I'm going to be honest with you, with the exception of two Andie MacDowell movies (truly an unsung hero of the '90s), Jonah and I have been exclusively watching The Office. I haven't seen the series since it aired live, so every night before dinner, we watch one or two episodes to decompress. Last night, though, we veered from the norm and started Little Fires Everywhere on Hulu for something a bit more dramatic than The Office (unless you count Jim and Pam's sexual tension). The miniseries is surprisingly not at all like Celeste Ng's 2017 bestseller—but I actually prefer the twists it takes, as a new mother (Kerry Washington) threatens the picture-perfect world of the Richardsons, with Reese Witherspoon at the helm. And, Hulu has blessed us all by releasing the episodes ahead of schedule. Watch them here!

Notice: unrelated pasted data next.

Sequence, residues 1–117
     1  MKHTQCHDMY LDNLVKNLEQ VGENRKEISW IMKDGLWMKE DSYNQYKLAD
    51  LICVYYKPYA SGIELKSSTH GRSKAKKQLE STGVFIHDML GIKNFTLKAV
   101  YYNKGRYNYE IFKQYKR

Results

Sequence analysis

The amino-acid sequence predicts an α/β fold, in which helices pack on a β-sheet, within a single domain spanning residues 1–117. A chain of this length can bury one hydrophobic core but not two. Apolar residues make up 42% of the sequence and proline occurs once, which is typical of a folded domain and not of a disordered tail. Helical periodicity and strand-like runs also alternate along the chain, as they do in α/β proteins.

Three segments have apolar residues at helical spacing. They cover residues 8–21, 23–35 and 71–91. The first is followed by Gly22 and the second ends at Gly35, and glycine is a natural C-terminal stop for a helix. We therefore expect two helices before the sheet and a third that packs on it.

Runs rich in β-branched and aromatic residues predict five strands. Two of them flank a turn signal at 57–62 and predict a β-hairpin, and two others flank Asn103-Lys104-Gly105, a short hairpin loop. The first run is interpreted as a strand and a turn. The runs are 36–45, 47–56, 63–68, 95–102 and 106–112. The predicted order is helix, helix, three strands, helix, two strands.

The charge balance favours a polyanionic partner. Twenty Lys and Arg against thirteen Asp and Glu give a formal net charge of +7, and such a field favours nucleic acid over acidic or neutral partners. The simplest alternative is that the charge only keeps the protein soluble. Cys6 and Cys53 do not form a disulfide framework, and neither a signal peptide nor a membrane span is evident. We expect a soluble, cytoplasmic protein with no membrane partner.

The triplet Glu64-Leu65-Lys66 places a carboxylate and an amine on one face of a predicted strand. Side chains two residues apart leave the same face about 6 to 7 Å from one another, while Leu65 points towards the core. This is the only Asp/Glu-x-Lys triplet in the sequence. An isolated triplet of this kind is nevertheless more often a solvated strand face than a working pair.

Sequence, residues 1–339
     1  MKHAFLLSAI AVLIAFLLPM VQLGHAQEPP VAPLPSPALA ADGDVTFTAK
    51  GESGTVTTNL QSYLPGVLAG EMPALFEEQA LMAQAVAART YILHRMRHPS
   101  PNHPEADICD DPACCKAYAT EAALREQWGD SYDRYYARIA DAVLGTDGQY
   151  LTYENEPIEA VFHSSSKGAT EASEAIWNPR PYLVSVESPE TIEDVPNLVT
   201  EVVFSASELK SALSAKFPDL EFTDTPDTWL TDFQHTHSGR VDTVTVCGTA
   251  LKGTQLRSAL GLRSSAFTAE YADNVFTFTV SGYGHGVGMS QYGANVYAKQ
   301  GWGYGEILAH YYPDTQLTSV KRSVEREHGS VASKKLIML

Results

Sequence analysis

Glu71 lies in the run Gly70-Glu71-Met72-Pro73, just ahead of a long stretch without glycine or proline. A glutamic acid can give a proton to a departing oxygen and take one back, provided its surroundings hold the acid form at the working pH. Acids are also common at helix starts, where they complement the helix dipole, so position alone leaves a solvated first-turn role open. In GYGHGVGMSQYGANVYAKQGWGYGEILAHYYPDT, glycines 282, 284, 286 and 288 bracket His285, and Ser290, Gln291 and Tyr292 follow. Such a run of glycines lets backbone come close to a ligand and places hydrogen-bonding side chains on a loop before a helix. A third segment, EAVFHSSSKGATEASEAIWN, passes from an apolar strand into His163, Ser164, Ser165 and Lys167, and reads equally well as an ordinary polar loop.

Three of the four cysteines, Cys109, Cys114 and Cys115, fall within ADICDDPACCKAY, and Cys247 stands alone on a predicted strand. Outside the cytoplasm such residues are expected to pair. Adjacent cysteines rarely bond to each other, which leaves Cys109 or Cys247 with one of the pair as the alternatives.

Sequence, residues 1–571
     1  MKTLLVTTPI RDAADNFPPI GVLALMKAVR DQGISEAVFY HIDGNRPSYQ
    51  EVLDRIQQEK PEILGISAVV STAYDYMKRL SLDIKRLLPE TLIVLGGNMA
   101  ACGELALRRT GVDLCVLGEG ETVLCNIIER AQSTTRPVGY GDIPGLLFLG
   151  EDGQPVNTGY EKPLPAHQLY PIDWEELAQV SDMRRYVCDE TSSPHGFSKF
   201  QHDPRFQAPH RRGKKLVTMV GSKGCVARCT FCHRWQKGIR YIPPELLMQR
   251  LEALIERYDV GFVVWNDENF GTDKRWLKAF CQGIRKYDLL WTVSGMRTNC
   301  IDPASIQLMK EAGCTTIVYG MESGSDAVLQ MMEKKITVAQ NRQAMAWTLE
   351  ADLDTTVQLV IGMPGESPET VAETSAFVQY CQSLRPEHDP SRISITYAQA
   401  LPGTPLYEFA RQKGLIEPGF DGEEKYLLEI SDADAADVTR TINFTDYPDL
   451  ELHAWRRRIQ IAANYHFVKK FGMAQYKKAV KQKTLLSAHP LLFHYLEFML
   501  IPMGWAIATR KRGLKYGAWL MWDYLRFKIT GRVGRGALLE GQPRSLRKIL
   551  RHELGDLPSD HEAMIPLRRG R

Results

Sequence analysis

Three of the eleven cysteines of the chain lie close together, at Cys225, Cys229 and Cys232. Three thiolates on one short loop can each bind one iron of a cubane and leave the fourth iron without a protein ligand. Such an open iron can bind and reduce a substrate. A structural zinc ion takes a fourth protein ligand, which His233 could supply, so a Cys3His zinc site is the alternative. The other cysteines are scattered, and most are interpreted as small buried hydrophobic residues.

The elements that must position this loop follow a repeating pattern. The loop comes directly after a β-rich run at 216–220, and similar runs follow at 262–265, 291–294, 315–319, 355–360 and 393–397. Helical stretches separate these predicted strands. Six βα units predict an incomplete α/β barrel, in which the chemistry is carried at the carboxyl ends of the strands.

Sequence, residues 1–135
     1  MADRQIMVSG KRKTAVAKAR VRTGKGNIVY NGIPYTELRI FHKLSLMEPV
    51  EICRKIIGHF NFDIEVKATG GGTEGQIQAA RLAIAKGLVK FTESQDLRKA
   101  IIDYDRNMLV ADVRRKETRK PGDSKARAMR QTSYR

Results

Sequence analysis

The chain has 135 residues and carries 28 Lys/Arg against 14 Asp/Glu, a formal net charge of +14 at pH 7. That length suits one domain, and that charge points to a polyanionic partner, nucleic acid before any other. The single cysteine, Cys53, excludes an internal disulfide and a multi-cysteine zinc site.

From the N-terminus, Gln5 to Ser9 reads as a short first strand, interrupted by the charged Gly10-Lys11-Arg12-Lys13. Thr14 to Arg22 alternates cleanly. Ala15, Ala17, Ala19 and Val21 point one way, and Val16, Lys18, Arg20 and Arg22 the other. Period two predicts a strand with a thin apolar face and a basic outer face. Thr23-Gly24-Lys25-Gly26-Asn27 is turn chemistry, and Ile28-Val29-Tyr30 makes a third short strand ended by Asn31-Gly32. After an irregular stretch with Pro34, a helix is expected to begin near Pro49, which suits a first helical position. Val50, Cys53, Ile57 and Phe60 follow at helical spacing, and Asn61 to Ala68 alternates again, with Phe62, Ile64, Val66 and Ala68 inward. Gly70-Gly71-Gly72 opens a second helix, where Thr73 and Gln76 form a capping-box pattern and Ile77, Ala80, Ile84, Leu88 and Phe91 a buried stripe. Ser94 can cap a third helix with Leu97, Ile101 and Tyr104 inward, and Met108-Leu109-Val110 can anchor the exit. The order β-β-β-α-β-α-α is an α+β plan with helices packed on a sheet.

P.S., When I recommended Dark last week, a reader commented to share international shows that carry a similar tone. Pasting them here in case you missed them: Zone Blanche/Black Spot (French; Netflix), La Foret/The Forest (French; Netflix), Le Chalet/The Chalet (French; Netflix), Pustina/Wasteland (Czech; Hulu or HBO Now)


On Friday, I interviewed my friend Betsy about nutrient-dense pantry and freezer staples, which I'll be sharing later this week. Several of the ingredients she reiterated were beans, garlic, broth, and frozen peas—all of which are in this recipe from @Diningonnostalgia. The recipe, which is linked in her Highlight here, uses primarily shelf-stable ingredients, is fool-proof, and so warming. What more could you ask for right now?